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5 Edible Flowers to Know And 12 Fancy Ways to Cook with Them

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In celebration of their new organic Pure Leaf Tea House Collection, we partnered with Pure Leaf Iced Tea to share our favorite flowery recipes.

Use edible flowers in the right amount and they can be like any herb or spice, present not to be the dominating flavor, but a supporting one. And to answer your impending question: No, cooking with them will not make food taste like perfume!

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Just be sure that whatever your flower of choice is, it's culinary grade, meaning it's edible. (Those sold at farmer's markets usually are, but it never hurts to ask.)

Lovely lavender going into simple syrup.
Lovely lavender going into simple syrup. Photo by James Ransom

From lavender to chamomile to borage, here are recipes and ideas to get started with edible flowers:

Lavender:

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Lavender-Chocolate Chunk Pancakes with Crème Frâiche

Lavender-Chocolate Chunk Pancakes with Crème Frâiche by Fig Test Kitchen

Rhubarb Lavender Streusel Muffins

Rhubarb Lavender Streusel Muffins by xuedanw

 Lemon Lavender Polenta Cake

Lemon Lavender Polenta Cake by Chrissie

Oatmeal and Lavender Shortbread

Oatmeal and Lavender Shortbread by QueenSashy

You can also try it in biscuits and scones. Make a lavender-scented sugar and sprinkle it over French toast or roll snickerdoodles in it. Infuse cream or milk for a floral-y whipped cream, panna cotta, caramel sauce or crème brûlée. You can also add lavender to simple syrup and use it in cocktails or lemonade.

Borage Flowers:

Crystallized Flowers
Crystallized Flowers

These naturally blue (however they can also be white, pink, or purple) flowers are stunners. And they taste like honey, too. Float them atop cocktails and use them to adorn everything from cakes to cupcakes to salads to soup.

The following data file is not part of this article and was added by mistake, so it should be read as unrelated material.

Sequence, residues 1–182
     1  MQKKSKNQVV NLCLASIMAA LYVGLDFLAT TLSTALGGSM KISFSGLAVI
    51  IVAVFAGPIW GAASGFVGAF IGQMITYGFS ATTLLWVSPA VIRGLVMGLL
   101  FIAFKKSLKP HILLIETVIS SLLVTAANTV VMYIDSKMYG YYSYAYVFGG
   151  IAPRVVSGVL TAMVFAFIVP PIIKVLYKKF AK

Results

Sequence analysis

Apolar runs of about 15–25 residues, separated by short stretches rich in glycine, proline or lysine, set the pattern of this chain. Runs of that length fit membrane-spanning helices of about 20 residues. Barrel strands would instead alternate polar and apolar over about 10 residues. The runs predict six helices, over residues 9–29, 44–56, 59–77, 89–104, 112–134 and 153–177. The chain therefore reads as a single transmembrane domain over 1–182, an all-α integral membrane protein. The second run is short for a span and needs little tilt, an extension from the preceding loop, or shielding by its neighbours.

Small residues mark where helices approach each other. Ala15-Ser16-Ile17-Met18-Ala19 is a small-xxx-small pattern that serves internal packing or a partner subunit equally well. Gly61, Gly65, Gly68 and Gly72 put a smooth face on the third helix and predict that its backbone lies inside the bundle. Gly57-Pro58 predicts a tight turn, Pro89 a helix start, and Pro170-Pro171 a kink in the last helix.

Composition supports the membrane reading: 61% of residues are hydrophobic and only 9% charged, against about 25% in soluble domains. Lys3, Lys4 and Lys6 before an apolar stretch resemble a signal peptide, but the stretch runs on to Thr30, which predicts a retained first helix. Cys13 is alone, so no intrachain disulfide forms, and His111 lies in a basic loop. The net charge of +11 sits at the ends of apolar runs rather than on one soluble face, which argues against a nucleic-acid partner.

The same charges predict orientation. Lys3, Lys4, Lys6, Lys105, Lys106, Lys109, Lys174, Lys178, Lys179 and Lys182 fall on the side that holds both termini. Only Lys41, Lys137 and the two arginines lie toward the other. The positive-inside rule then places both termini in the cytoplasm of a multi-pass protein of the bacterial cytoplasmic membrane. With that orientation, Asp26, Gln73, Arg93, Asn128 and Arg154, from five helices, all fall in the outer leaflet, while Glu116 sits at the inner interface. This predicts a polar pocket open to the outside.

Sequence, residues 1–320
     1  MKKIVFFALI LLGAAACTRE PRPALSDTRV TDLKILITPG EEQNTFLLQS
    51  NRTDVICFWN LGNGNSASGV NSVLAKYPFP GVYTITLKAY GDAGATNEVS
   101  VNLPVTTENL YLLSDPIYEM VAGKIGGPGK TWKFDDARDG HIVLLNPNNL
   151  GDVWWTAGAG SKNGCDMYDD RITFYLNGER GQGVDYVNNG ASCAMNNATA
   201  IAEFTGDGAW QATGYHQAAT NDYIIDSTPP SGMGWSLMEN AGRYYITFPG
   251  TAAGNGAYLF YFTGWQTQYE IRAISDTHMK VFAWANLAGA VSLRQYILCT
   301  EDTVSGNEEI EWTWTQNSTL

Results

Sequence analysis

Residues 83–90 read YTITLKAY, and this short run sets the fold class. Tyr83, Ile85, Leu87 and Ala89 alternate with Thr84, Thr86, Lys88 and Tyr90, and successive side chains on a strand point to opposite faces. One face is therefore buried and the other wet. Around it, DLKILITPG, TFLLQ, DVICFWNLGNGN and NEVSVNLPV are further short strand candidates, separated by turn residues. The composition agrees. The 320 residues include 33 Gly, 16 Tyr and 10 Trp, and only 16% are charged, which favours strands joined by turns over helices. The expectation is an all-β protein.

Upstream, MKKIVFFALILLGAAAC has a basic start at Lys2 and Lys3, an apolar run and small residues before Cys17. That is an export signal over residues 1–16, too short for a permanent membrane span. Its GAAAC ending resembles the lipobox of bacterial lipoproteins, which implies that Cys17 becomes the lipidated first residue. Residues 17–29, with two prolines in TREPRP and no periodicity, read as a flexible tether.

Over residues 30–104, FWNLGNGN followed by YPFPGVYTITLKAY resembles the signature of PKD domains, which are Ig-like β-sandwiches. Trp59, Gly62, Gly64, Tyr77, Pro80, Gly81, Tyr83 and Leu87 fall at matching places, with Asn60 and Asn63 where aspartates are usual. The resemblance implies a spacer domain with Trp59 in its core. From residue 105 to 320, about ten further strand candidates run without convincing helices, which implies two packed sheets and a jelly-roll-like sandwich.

Rose:

Sesame-Rose-Pistachio Meringues

Sesame-Rose-Pistachio Meringues by Alice Medrich

Rhubarb and Gin Sorbet with Rose Cream

Rhubarb and Gin Sorbet with Rose Cream by Yossy Arefi

Rose Petal Panna Cotta

Rose Petal Panna Cotta by Sara Jenkins

Pistachio Cake with Lemon, Cardamom, and Rose Water

Pistachio Cake with Lemon, Cardamom, and Rose Water by Sarah Jampel

Rose water also adds floral flavor to lassis, cookies, and gin fizz, for starters. Rose petals can be used in a simple syrup for cocktails, to decorate cookies or cupcakes, and made into jam like our contributor Emiko Davies does.

Chamomile:

Chamomile Lemon Cupcakes with Honey Buttercream Frosting
Chamomile Lemon Cupcakes with Honey Buttercream Frosting

Use chamomile flowers to make your own herbal tea, which can then be used in a hot toddy, to cook rice, and to poach fruit like pears. It may take a little more time, but infusing alcohol with chamomile makes for one heck of a cocktail.

Hibiscus:

Bakewell Tart with Rhubarb-Hibiscus Jam

Bakewell Tart with Rhubarb-Hibiscus Jam by Sarah Jampel

Rhubarb Cherry Hibiscus Crumble

Rhubarb Cherry Hibiscus Crumble by em-i-lis

Use hibiscus flowers to make ice cream, sorbet, or a granita. Make a simple syrup and use that in margaritas, cocktails, spritzers, or to sweeten ice pops. For more ideas, this Hotline question is here to help.

How do you use edible flowers? Tell us in the comments below!

Pure Leaf Tea House Collection is a trio of organic iced teas that each sport a fruit or herb companion, like organic Black Tea with a hint of Honeysuckle and Sicilian Lemon. See all three flavors here.


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Tags: pure leaf, tea house collection, edible flowers